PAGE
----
Dropping my pack at the hut, I grabbed my day pack and started the walk up to the iconic Lake Crucible, a stunning turquoise alpine lake. Lake Crucible is a popular day trip on the Gillespie Pass; as it’s off the main track, a 6-8 return from the hut, it’s not all that short of a walk.
The sun was beginning to peak over the valley’s steep sides as I wove my away along the most stunning track. I was joined by a kind lady I met earlier who wanted to go up to the lake but didn’t want to alone.
And here, dear friends, is where I made one of my first mistakes of the trip.
I’m one of those people who struggle to eat in the morning. I usually don’t eat anything before noon; I don’t have the appetite. But when you’re doing something physically challenging like tramping, you need that morning energy from food, and you have to keep eating all day to keep it up. I didn’t eat enough that morning, which I would feel the effects from soon.
Once you walk along the valley floor, crossing a few smaller rivers and creeks (which can rise quickly), you’ll come to a steep climb in the beech forest with one more creek to cross before leveling out in the basin before climbing up a moraine wall to the lake. Before long, the bright sun was beating down on us, but with the lovely mountain breeze, I didn’t really feel the impact of it. Suddenly, as I could see the lake in the distance, I started to feel off. Like not good. I was feeling so hot yet shivering, my arms and legs felt weak, and the color sort of disappeared from the world. I thought I was going to spew or faint or both.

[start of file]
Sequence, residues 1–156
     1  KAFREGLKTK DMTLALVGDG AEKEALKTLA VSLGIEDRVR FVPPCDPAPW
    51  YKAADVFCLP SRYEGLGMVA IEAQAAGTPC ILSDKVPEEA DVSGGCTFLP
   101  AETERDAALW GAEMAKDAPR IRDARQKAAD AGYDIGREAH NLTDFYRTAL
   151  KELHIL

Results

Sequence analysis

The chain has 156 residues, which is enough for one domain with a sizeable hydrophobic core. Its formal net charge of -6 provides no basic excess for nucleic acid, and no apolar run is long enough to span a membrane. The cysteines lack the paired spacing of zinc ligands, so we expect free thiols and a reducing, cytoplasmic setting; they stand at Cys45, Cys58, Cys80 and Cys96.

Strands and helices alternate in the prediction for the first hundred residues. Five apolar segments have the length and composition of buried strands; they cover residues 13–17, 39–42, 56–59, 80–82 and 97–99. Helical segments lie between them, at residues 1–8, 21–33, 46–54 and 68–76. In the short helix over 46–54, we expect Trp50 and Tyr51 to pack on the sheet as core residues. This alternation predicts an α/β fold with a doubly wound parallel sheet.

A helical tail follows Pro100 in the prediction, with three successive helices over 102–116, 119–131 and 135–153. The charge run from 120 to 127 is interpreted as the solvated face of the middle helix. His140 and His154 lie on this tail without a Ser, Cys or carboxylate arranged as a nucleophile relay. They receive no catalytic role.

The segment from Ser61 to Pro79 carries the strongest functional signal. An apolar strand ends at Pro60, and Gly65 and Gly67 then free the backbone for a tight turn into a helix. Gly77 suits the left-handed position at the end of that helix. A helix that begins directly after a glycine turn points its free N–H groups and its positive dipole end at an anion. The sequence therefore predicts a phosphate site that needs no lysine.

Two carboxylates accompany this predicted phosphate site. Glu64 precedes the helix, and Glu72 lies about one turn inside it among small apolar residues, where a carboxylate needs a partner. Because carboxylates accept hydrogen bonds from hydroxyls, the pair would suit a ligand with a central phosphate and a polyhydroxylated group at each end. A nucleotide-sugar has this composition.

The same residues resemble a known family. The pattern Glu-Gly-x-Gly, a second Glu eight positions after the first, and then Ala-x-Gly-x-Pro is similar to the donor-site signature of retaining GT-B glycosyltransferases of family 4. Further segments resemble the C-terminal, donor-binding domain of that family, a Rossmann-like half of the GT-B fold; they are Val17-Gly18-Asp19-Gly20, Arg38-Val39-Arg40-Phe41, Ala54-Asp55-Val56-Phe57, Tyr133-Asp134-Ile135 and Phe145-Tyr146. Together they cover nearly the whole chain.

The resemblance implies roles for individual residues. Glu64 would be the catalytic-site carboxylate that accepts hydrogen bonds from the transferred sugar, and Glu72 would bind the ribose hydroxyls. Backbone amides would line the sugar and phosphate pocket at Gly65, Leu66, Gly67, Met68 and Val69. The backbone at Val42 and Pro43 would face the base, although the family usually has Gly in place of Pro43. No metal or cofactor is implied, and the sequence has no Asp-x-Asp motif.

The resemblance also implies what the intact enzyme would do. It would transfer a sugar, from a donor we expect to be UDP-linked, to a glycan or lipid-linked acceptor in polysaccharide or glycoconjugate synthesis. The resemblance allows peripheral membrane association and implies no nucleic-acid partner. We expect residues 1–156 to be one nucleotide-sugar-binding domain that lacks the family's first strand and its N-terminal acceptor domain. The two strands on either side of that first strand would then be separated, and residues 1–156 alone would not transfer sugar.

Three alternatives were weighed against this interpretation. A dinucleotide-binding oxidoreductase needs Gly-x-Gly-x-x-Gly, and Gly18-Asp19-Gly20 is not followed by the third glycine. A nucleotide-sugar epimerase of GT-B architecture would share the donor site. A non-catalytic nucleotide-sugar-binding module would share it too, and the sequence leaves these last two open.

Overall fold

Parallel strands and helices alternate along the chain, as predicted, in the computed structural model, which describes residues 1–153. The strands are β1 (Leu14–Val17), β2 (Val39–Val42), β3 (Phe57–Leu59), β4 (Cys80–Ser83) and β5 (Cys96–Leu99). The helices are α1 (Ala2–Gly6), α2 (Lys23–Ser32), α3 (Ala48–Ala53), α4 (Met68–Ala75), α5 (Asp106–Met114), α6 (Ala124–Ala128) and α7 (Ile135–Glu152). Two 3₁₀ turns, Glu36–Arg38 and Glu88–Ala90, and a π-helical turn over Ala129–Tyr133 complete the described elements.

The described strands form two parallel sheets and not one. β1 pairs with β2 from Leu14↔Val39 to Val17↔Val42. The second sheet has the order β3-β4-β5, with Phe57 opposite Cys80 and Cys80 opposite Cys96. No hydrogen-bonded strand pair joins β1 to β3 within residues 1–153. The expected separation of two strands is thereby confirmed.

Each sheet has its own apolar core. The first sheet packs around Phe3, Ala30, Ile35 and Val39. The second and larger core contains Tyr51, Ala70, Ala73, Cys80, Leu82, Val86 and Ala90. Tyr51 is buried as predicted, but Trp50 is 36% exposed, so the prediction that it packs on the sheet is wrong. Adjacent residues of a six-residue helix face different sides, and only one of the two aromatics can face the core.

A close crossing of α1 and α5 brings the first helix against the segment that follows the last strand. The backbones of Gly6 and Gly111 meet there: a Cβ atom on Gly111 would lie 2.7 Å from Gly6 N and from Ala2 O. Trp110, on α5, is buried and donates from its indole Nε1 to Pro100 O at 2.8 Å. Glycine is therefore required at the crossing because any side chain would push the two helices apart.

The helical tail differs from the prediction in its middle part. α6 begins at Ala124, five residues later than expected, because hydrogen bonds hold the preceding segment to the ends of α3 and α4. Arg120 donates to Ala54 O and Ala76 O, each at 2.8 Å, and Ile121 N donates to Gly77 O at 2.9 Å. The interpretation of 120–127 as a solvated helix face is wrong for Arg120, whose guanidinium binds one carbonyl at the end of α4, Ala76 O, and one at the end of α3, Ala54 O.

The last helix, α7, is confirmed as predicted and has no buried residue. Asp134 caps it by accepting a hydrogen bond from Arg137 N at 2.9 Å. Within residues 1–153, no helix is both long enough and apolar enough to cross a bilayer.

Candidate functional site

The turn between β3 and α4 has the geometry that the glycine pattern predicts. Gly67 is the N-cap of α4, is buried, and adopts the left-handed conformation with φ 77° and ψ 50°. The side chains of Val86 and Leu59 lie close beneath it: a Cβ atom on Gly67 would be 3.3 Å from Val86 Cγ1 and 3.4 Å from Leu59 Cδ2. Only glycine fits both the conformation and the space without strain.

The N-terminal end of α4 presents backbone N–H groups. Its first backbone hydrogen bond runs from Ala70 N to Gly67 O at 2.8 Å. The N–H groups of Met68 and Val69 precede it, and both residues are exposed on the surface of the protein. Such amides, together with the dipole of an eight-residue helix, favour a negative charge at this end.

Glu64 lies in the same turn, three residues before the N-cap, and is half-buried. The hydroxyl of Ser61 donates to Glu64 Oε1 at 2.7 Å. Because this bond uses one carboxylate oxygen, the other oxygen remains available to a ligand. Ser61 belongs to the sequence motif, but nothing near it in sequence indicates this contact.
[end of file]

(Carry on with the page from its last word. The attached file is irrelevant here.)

Without realizing it, I was well on my way to heatstroke, I believe. It was a piping hot day, and I was overheating badly. I slowly made my way up to the lake before immediately submerging myself in the icy water. After scarfing down a lunch I had put off eating until I got to the lake (mistake) and resting with my feet in the water, I started to feel much better, just a bit weak.
I was so focused on other parts of the tramp that I forgot the most essential and basic care of myself. Eat well and a lot, hydrate a lot and wear a hat and sunscreen.
I made my way back to the hut, which took me 8 hours to return. I was happy to arrive at Lake Crucible. I was going to monitor how I was feeling. If I woke up feeling crook, I wouldn’t attempt to go over the pass the next day.
After a nice big dinner and catching up with the ranger, who I met in an amazingly kiwi small world moment while I was in Antarctica years ago, I hit the sack.
I felt pretty good the following day, so I had a big brekkie and hit the track. Today was the most significant day climbing over the 1600 meter Gillespie Pass. With no water above the bush line, you must make sure you fill up in the last rivers and creeks before attempting the traverse. Retracing my steps back up the valley, the long climb through the beech began, which I found not as steep as expected.